The PEG channels in Sacramento periodically have had reductions in their unrestricted funding because of economic events, but overall have enjoyed the favorable support of the Sacramento Metropolitan Cable Television Commission (SMCTC) and have remained open for broadcasting on public, education and government channels since 1986. Just two weeks ago, the SMCTC voted renewed support for its PEG channels and provided a much appreciated 2% Cost of Living Adjustment.
That has not been the case elsewhere. In Santa Rosa earlier this month, lawmakers voted to provide $300,000 to public access for 2014-15 but announced their intention to cut the funding by $75,000 in each other next two years, with no intention to renew support after the current three-year offer.
A change in federal law then, if approved by Congress, would provide the freedom for public access centers in California and around the country to control their budgets with fewer restrictions and to support both job creation, economic development and the mission of providing local citizens access to community programming that rarely receives broadcasting time on local commercial stations.
Gary Martin is the executive director for Access Sacramento, the 28-year non-profit non-commercial operator of two public access channels in Sacramento County whose mission is “Giving voice to the thoughts, dreams, opinions and community arts and cultural events that make Sacramento County such a wonderful place to live.”
Here’s your chance to tell Access Sacramento exactly what you think.
You’re invited to Access Sacramento on Friday, Feb. 21 from 5:30-8:00 p.m. to tell exactly how non-profit Access Sacramento can make your life better. The community gathering is called: Focus ’14-’15.
“Making a Difference… One Voice at a Time” is our mission to help residents of Sacramento County be heard on cable television, radio and the Internet. Are we doing a good job for you? Could we do something better?
The public, our members, and those connected with Access Sacramento in any way are invited to stop by Feb. 21 at 5:30 p.m. for a meet and greet social with snacks in the Coloma Community Center Auditorium at 4623 T Street, Sacramento.
From 6-8 p.m. those attending will have an opportunity to provide structured feedback while visiting Access Sacramento’s TV Studio, Digital Media Lab, and other offices where you can meet the staff and board of directors.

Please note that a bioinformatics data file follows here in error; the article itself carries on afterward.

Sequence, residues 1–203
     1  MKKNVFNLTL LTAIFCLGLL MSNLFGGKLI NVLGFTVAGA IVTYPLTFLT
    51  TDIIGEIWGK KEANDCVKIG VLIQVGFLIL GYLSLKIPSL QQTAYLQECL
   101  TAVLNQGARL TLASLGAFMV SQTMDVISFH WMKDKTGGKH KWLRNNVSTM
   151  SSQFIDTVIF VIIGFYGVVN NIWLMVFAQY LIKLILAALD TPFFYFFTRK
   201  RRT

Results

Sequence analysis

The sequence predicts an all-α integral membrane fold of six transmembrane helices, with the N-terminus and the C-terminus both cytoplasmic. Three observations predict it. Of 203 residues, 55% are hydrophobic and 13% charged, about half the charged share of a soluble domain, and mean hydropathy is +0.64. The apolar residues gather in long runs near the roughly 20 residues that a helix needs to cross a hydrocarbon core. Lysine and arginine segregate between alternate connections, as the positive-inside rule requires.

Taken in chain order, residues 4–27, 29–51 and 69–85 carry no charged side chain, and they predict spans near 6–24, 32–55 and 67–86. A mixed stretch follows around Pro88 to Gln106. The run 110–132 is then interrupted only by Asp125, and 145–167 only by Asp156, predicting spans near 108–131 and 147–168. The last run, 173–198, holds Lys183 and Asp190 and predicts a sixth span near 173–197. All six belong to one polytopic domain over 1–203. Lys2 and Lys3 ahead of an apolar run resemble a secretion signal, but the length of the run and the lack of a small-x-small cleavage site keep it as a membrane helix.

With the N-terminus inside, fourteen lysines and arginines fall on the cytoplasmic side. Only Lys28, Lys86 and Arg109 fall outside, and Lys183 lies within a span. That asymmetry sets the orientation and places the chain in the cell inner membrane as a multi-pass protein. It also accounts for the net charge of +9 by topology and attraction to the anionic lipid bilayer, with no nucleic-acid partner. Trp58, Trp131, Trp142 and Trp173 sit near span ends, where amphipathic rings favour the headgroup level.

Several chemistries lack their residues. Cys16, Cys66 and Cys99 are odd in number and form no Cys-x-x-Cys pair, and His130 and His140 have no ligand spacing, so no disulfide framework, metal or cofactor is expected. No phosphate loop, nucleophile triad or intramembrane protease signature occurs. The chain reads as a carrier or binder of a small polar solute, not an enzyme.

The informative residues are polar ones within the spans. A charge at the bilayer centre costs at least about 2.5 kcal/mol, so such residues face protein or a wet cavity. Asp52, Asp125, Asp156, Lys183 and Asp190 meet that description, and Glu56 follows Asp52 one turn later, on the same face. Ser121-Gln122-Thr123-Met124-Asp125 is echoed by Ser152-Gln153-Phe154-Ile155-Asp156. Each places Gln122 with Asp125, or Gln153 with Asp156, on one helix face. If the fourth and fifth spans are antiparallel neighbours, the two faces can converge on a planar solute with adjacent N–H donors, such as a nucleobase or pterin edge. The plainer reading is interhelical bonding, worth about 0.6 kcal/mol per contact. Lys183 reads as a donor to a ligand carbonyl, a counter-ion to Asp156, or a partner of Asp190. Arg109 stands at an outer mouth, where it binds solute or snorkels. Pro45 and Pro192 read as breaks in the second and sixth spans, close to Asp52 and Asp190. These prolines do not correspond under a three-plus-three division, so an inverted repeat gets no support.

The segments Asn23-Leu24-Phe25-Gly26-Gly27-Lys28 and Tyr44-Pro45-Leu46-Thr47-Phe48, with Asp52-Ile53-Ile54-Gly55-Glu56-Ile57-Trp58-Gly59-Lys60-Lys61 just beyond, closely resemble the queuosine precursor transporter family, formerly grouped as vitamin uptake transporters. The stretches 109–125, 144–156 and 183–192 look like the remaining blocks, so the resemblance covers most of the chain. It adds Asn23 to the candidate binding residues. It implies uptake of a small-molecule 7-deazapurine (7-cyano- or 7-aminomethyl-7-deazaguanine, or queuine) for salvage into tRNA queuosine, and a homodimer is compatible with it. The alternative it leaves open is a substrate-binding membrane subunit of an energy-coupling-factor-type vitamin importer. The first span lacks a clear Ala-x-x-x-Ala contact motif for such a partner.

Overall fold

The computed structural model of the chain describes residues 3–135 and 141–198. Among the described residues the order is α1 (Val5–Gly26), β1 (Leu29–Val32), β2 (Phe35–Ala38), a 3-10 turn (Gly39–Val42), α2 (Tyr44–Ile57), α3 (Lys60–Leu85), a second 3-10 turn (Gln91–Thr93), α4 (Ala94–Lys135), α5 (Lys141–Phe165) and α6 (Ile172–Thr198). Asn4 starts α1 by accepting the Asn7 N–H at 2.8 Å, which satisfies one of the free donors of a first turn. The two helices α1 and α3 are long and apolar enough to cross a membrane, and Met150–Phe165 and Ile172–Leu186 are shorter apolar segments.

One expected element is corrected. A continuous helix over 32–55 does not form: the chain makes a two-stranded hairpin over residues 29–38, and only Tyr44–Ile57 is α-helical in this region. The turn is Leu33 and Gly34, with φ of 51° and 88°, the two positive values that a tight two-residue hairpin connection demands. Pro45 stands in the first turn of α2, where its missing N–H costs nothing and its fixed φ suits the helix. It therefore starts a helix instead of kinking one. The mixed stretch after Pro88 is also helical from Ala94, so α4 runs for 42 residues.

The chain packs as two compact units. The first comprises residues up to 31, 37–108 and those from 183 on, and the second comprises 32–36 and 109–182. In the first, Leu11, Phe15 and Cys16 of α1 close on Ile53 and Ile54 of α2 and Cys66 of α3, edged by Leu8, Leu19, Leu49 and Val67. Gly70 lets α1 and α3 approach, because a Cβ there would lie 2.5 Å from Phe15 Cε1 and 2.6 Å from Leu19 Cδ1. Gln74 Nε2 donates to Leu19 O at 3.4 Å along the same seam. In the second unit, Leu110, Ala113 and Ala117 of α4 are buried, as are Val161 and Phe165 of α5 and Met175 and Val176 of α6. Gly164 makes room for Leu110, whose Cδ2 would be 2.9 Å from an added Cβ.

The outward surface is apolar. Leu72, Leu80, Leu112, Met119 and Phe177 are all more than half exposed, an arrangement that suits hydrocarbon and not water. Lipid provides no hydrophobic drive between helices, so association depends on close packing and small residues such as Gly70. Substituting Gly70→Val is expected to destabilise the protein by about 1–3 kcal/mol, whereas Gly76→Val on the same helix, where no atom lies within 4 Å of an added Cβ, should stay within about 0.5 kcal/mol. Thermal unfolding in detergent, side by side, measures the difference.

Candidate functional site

Each space will have collectable raffle tickets, for a grand prize gift drawing at 7:45 p.m. back in the auditorium. Some feedback topics might include:
Studio and TV Truck Use.
Digital Media Lab Software.
Program Submission in the Cloud.
Tri-Caster Green Studios in the Community.
Neighborhood News Bureau Youth Journalism Training.
Sacramento Has Talent Audition & Show.
Place Called Sacramento Film Festival.
Low-Power FM radio station launch.
Hometown TV & Game of the Week.
Newsletters & Website Outreach.
Staff & Board Accessibility.
We want to hear what you have to say, so we can Focus ’14-’15 in the best way to meet your needs.
Mark your calendar and join us Feb. 21 at 5:30 p.m. Feedback, Food, Fun, Prizes.
Retired Founder of Access Sacramento TV and former Executive Director Ron Cooper was honored with a resolution for his dedication to free speech and community and civic engagement in a brief presentation at the California State Capitol today by Assemblyman Roger Dickinson (D-Dist. 7).
Cooper retired on August 1 after 26 years with Access Sacramento, serving first as the director of Operations and Training and then as the non-profit foundation’s Executive Director since 1992.
The resolution recognized Cooper as “a successful advocate for public and local access programming, particularly for disenfranchised and under-represented members of the community who feel their voices are no longer being heard.”
Cooper was joined at the presentation by his mother Arlene Cooper of Jackson, CA, Access Sacramento Board of Director’s member Edgar Calderon, and current Access Sacramento Executive Director Gary Martin plus several Access Sacramento video production crew members who video taped the event for the channel.
Access Sacramento is the name used by the non-profit Sacramento Community Cable Foundation in running Channels 17 and 18 on Comcast and SureWest Cable and on Channel 99 for AT&T U-Verse.